Individuals that are in recovery for opioid addiction and relapse, have a higher rate of overdose.  The reason for this is because their brain thinks they can start where they left off on the amount taken, however, the body has detoxed and the tolerance is no longer there.  It becomes a shock to the system and can cause overdose.

Effects of Opioid Use: Who’s to Blame?

Today, Canada is the world’s second highest per-capita consumer of prescription painkillers.  The USA holds first place.  So who is to blame or hold accountable here?  The pharmaceutical companies promoting false advertising about the safety of it?  Doctors knowing from a clinical perspective the risks, yet still prescribing it?  The system who leaves their people in chronic pain waiting months, sometimes years, to have a surgery that would alleviate their pain?  Limited resources for those suffering from addiction and availability for prompt treatment programs?  It’s hard to say.  My opinion is that it is probably a little bit of everything.  

In 2007, Purdue Pharma acknowledged the marketing of OxyContin was misleading and paid $634.5 Million to settle criminal and civil charges.  They have stopped marketing opioids in the United States altogether due to mounting lawsuits.  Purdue’s Canadian operation has not made a similar admission of their wrongdoing and the marketing still continues in Canada.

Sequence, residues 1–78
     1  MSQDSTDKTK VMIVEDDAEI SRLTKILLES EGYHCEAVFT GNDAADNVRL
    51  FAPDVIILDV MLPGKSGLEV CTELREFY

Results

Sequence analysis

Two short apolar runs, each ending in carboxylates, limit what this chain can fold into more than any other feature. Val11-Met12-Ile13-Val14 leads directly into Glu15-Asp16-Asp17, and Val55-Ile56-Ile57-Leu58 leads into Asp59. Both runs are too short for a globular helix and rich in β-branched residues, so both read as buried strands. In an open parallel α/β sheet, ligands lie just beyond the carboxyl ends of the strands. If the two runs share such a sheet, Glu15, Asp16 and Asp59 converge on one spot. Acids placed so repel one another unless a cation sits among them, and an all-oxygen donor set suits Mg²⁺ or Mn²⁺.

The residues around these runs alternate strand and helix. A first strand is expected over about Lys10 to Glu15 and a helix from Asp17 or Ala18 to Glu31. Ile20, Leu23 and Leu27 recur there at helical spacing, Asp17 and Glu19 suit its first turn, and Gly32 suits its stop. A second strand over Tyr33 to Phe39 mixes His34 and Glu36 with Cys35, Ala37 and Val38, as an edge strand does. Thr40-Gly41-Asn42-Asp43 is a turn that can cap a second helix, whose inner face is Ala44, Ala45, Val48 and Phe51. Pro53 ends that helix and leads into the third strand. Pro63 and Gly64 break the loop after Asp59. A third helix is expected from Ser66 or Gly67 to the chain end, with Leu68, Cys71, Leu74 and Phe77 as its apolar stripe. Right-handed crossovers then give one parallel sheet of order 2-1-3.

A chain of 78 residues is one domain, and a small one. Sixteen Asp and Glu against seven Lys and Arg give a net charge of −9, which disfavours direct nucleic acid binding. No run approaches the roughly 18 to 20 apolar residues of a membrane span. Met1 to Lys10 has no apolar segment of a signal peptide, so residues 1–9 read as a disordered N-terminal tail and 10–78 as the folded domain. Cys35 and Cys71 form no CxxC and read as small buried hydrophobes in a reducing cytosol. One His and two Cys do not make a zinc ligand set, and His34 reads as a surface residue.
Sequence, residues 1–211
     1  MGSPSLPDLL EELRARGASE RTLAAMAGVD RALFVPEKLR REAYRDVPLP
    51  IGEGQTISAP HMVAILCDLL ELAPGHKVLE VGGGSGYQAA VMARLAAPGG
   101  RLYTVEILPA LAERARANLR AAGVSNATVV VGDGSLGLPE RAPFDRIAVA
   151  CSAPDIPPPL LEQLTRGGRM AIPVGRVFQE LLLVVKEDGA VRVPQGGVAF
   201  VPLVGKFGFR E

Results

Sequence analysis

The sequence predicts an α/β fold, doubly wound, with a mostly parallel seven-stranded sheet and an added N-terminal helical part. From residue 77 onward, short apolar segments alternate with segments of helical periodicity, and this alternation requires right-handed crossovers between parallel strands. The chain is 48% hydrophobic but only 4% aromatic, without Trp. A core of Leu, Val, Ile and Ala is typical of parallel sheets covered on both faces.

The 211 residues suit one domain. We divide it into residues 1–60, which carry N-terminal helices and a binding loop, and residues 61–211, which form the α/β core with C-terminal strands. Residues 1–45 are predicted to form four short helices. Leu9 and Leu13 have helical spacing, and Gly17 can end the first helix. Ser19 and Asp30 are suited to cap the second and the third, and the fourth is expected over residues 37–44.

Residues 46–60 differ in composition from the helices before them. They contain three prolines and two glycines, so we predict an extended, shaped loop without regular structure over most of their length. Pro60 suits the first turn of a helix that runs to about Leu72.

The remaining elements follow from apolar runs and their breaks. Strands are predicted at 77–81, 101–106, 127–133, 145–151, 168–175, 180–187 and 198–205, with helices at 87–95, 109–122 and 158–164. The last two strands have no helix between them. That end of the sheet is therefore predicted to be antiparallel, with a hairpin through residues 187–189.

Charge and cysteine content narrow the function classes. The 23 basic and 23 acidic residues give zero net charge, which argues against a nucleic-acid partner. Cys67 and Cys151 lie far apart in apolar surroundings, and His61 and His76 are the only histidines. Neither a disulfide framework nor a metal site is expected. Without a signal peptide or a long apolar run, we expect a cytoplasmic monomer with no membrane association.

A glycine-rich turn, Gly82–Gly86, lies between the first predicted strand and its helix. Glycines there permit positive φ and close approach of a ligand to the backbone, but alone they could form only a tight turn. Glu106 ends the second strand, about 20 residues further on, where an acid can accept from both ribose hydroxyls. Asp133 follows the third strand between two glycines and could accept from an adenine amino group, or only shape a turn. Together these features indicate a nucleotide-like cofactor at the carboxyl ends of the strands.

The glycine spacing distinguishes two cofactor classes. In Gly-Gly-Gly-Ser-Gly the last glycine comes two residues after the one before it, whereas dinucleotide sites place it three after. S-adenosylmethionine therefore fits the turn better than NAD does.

The rate of opioid use increased by 203% from the years 2000-2010.  In 2017 there were 3.987 apparent opioid-related deaths, 92% unintentional, reported by the Government of Canada. (1)  This is a huge red light of just how dangerous usage in any form is.  Yet, leaders do not know why it is on the rise or how to combat it.  

The Canadian government has been trying to make changes to streamline things and have more transparent regulations.  Putting guidelines and regulations on pharmaceutical companies marketing and advertising opioids appears to be the place to start.

What To Do?

Health Vantis works with individuals that are put on long wait lists for surgery.  Many of our clients will have been in pain for months, often times years.  Unfortunately, the only way they can function is to mask the pain with medication and often times, an opioid will be prescribed.  These are people with chronic pain, not acute pain.  As indicated earlier, opioids were initially used for acute pain in terminally ill patients.  The dangers of being on these medications with chronic pain increase your odds of addiction, not to mention unintentional overdose.  No one wants to be in pain, myself included.  If you are put in a position like this, don’t just accept a prescription until your surgery date.  Explore your options to avoid an unnecessary risk.